If rotors are smooth and shiny, they are good. If still not certain, ask at brake shop.
The rotors should be smooth, no grooves where the pads touch.The rotors should be smooth, no grooves where the pads touch.
This is often caused by installing new pads on worn or slightly worn rotors. Buying new rotors or turning the same rotors would make a smooth surface for the new pads to rub against. Any surface that is less than smooth will cause some grinding for a few days or maybe longer. It also shortens the life of your new pads.
if there is uneven wear on the rotors, the new pads will take time to wear into the grooves on the rotors. rotors in poor condition will reduce the efficiency of your brakes, and promote wear of the pads, you will end up changing them more often. Most brake shops can turn rotors back to being smooth and true.
The "C" is for comfort, this adjust the ride for a more comfortable and smooth acceleration and deceleration, smoother turning, etc.The "S" is for standard ride.
Brembo is a brand that makes car parts and equipment. There stock rotors as well. Their street rotors seem to have a good reputation and are reliable. Very smooth ride, quiet, withstand high stress and temperatures.
Brake rotor specs are specified by the manufacturer. It is measured with a micrometer and if too thin via specs, will overheat causing a serious brake fade and loss of braking ability. Other problems could be that the rotor overheats and either warps or breaks~neither good. Turning the rotors is a process of rough cut and smooth cut that is supposed to take minimal amounts of metal off to make it an even surface for your brake pads to brake against. Most manufacturers today produce rotors that are not really able to be turned. So new rotors made be the only answer if yours are bad.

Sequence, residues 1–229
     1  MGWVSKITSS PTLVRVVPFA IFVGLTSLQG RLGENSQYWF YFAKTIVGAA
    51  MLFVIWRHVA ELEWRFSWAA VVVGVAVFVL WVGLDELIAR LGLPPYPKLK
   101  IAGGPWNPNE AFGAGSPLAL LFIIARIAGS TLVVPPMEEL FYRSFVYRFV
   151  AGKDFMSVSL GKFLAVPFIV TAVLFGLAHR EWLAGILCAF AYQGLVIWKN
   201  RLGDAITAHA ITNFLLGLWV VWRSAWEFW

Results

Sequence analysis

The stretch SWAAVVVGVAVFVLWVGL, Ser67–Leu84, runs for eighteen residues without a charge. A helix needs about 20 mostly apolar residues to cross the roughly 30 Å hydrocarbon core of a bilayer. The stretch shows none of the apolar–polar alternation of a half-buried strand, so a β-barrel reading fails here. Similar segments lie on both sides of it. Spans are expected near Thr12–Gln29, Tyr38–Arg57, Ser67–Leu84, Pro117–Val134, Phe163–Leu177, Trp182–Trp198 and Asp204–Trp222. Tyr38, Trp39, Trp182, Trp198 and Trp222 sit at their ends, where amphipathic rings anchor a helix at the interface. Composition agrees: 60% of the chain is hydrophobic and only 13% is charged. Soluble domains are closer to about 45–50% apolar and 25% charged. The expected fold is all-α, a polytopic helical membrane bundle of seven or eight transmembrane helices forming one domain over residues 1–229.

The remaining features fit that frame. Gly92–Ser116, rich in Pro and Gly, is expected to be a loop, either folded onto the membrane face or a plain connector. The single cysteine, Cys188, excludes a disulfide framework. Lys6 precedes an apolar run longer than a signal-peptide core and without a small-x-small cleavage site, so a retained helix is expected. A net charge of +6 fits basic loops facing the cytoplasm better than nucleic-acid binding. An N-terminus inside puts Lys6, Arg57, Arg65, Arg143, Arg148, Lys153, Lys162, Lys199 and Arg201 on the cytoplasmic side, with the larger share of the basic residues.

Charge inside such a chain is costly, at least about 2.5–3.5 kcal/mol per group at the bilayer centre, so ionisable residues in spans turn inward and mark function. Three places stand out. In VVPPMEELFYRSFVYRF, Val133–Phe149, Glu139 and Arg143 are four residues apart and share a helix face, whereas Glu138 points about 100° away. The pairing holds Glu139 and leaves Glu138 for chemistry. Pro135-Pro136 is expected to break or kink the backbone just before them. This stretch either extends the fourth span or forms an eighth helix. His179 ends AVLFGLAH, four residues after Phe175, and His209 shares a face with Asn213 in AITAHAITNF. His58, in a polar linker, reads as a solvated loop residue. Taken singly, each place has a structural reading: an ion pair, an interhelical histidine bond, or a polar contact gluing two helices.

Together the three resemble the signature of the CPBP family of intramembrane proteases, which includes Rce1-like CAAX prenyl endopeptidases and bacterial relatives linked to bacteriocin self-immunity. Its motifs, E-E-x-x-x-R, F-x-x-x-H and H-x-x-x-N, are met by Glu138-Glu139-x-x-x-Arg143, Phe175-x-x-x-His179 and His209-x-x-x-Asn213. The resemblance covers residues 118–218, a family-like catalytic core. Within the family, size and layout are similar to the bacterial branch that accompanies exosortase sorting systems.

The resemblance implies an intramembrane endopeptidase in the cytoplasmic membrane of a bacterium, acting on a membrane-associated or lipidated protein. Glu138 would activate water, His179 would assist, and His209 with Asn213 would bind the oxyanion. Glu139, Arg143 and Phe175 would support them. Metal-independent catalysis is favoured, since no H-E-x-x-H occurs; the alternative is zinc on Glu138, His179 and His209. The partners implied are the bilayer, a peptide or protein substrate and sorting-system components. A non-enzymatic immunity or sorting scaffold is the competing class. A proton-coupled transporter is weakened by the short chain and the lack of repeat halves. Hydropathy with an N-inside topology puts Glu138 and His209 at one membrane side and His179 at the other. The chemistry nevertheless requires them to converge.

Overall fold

possibly warped rotors.Feels for grooves on the rotors(when rotors are cool,your rotors should be smooth ) if you feel them you need to replace them,and dont forget to replace your pads too.Worn pads grind your rotors and ruin them.
You don't need to compulsorily turn the rotors every time the pads are changed. Turning is required only if the rotor (or disc) is warped, badly scratched or heavily rusted. Smooth concentric circles are usually normal unless heavily ridged (and this requires turning). Remember though that turning the rotor many times will eventually require replacing it as there is a minimum safe thickness to which is can be turned. Any thinner will warrant replacement.
When changing from chord to chord or to a different way to carry the beat in a song, if you do it subtley or without a lot of notice it can be determined smooth. The hook in a song can be done with a lot of percussion, or hardly noticeable; that would be smooth also. Jimmy Hedrix was a heavy rock musician, and yet he was very smooth in his playing turning chords over delicately to change the mood in a song. Another definition of "smooth" is Legato, which is Italian for smooth, flowing. This term is commonly used in sheet music for a piano.
Rotors are always turned off the vehicle. They are put on a lathe and a thin sheet of metal is removed to make the surface smooth again.
You can if they are fairly smooth and do not have very bad ridges or grooves on them. If they do not meet the minimum thickness spec, they should be replaced now. Rotors are cheap (read: made in China); just replace them.